Frank Capra’s ‘It’s a Wonderful LIfe’
IT’S A WONDERFUL LIFE
Frank Capra’s film IT’S A WONDERFUL LIFE, starring Jimmy Stewart, stands out as the single most effective movie describing American banking and the destructive effect it can have on the average citizen. Standing almost alone against the financiers propaganda of the past five decades, Capra’s message rings true.
George Bailey’s view of how the world would have been without him, gives us a view of how the world would look when the evil banker, Mr. Potter, rules.
Capra handles economics brilliantly. The bankers desire to keep the people in poverty is dramatically illustrated, as well as his immoral tactics. Free market theories are set aside without even being mentioned, by the direct observation that rule of the so called “free market” in fact means rule by the Potters, with the magic checkbook. The one that allows them to create money and allocate power by writing numbers on an accounting ledger or computer page.
The distinction between George Bailey’s savings and loan, and Potter’s bank was more than just the person in charge. Savings and Loans, at that time, carefully loaned out the moneys entrusted to them to build useful residential housing. Banks on the other hand created money out of thin air; concentrating power into the hands of bankers.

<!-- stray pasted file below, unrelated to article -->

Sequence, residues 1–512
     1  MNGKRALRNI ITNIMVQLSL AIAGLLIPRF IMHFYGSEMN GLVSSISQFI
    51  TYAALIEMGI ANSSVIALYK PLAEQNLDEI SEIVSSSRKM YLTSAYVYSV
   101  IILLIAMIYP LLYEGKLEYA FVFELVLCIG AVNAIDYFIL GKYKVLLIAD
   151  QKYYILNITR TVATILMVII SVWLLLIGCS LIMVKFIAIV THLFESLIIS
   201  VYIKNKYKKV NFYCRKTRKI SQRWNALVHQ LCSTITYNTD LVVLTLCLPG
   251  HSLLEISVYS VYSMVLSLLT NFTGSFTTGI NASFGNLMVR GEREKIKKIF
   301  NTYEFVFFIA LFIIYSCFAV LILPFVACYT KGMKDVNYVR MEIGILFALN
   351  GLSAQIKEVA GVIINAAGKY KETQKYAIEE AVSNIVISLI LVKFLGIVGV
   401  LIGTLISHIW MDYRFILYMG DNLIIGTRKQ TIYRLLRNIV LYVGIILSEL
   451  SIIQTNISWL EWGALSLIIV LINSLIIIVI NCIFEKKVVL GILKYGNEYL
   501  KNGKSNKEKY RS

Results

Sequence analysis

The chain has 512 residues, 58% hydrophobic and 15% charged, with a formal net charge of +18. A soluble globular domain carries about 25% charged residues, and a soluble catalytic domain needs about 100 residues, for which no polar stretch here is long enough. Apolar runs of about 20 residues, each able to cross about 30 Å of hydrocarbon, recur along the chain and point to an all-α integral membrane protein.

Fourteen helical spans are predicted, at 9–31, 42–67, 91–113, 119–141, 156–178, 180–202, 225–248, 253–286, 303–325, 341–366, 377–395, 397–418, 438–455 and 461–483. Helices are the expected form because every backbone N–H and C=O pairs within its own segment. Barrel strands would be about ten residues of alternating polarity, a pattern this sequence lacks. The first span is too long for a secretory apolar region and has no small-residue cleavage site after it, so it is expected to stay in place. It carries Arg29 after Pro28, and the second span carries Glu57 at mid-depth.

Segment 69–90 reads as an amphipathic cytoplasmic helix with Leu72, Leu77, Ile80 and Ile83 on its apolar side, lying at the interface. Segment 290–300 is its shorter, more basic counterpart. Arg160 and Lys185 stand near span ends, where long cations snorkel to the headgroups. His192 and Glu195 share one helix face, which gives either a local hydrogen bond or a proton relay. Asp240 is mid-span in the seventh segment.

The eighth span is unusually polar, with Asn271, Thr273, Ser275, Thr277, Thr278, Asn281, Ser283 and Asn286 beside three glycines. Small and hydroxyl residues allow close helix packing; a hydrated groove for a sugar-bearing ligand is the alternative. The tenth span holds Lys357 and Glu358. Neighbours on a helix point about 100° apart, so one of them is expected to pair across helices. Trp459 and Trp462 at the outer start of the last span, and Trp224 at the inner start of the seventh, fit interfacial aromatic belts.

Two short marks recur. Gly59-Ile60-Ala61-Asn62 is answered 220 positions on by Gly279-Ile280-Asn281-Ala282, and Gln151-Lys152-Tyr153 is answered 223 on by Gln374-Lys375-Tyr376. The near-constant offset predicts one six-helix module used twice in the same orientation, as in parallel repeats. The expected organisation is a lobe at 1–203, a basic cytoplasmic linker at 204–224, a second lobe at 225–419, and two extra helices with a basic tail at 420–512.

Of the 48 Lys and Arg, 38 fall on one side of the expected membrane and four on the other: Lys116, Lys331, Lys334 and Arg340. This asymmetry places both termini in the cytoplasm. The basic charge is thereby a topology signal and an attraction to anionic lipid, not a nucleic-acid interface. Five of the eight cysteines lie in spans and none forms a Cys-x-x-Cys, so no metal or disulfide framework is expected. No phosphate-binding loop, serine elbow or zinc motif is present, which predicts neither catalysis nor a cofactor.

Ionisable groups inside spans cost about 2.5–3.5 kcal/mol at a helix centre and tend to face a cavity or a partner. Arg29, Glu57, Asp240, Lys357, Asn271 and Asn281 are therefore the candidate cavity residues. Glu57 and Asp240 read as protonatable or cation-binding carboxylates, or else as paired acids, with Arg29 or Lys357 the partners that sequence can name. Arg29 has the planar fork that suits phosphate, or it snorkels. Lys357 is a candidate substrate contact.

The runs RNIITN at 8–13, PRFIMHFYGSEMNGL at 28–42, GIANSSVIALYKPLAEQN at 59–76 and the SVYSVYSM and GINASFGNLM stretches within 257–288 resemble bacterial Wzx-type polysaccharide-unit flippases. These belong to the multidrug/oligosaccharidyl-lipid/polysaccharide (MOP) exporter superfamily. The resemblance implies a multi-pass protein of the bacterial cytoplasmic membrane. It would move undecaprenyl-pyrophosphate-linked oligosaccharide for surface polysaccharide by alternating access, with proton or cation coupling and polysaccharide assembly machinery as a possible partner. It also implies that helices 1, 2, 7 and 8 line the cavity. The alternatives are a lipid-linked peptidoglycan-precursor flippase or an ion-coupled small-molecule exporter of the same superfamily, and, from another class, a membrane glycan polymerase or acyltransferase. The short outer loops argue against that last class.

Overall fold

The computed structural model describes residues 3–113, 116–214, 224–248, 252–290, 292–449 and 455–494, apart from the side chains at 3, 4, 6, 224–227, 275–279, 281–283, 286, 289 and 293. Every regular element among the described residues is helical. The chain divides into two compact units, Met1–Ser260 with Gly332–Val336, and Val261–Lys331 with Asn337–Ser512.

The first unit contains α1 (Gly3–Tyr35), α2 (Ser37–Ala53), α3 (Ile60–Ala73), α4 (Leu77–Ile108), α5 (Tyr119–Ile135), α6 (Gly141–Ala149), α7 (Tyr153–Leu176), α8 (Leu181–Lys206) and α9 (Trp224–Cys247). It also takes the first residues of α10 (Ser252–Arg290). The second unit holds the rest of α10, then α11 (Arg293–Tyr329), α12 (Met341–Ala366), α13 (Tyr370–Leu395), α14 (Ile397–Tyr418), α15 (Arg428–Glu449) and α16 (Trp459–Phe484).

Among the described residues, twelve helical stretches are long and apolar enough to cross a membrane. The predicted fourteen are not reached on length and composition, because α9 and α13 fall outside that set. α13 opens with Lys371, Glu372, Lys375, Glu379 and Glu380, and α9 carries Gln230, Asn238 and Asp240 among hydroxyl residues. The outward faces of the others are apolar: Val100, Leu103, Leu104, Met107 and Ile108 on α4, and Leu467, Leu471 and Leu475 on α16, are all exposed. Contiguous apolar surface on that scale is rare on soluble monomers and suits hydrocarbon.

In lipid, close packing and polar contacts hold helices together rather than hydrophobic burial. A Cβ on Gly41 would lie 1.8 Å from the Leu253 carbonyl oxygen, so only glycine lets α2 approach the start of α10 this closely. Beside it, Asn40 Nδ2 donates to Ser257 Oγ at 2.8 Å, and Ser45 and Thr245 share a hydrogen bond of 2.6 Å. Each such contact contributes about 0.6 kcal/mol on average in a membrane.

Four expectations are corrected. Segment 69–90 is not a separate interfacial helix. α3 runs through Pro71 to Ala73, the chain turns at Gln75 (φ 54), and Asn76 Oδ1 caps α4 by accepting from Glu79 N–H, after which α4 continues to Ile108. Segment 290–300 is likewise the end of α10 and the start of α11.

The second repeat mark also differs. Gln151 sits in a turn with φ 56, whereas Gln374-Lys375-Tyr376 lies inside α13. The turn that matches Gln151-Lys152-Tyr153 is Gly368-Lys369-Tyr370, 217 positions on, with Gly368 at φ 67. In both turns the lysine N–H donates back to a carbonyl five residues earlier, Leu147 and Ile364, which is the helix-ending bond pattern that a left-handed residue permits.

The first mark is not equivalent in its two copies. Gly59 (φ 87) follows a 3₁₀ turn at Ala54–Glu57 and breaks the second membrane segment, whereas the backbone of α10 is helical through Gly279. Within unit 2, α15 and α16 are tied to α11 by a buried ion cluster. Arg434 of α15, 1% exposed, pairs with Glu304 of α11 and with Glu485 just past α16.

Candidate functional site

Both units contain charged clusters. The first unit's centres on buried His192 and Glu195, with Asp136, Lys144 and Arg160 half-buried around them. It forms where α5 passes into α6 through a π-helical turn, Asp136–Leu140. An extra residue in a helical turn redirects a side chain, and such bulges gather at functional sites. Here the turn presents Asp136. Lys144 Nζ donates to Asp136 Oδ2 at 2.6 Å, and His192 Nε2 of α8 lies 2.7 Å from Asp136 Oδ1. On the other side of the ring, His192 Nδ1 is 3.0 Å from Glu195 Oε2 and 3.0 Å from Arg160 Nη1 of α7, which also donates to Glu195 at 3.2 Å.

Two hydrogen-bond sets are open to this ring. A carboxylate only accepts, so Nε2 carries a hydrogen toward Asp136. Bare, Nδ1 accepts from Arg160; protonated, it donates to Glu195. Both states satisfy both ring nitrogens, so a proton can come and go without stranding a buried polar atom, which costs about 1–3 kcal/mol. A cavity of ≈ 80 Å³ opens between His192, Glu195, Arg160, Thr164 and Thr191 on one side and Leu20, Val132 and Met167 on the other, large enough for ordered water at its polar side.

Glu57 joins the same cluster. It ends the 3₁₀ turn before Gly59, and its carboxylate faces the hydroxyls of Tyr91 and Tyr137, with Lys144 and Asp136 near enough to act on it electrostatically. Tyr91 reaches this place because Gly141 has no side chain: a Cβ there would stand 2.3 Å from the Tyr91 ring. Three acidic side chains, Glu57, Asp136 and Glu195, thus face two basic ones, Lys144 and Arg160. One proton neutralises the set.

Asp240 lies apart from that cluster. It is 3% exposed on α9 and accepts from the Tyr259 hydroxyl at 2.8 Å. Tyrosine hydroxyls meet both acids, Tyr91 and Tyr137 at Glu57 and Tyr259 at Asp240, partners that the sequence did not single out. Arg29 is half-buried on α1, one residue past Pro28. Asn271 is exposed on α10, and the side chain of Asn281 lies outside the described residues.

Back then Americans hadn’t yet learned their “economics in one lesson” from the Austrian school, and other conservative groups. They were not then deluded, as they are today into believing they possessed knowledge which they really didn’t have. But they had learned enough from their experience with the great depression, to know that bankers could not be trusted.
More even than all the good books written on the subject, this film being replayed many times each Christmas, has served to remind Americans of these realities. Until last year that is.
THE 1996 “SUPPRESSION” OF CAPRA’S FILM
The suppression took the following form: NBC purchased the rights to show the film exclusively, one time. No longer would the film be shown once or twice a day on all channels during the Christmas holidays. In our area there were not many, if any, announcements (I saw none) from NBC on when they would present their exclusive showing of IT’S A WONDERFUL LIFE. As a result I didn’t see the film at all in the 1996 Christmas season.
Those who own the rights to the film will hopefully take steps to assure sufficient airing of the movie in coming seasons. Free markets alone, without thoughtful consideration will not necessarily yield the best results. Priests of the Market God, HAND THE INVISIBLE, will squeal that only free markets can make such decisions. But its a meaningless concept. As long as bankers are allowed to hold special monetary privileges and to create private money, with the ability to allocate power (credit) to groups such as the TV networks, there cannot really be “free markets” (nor much good television!).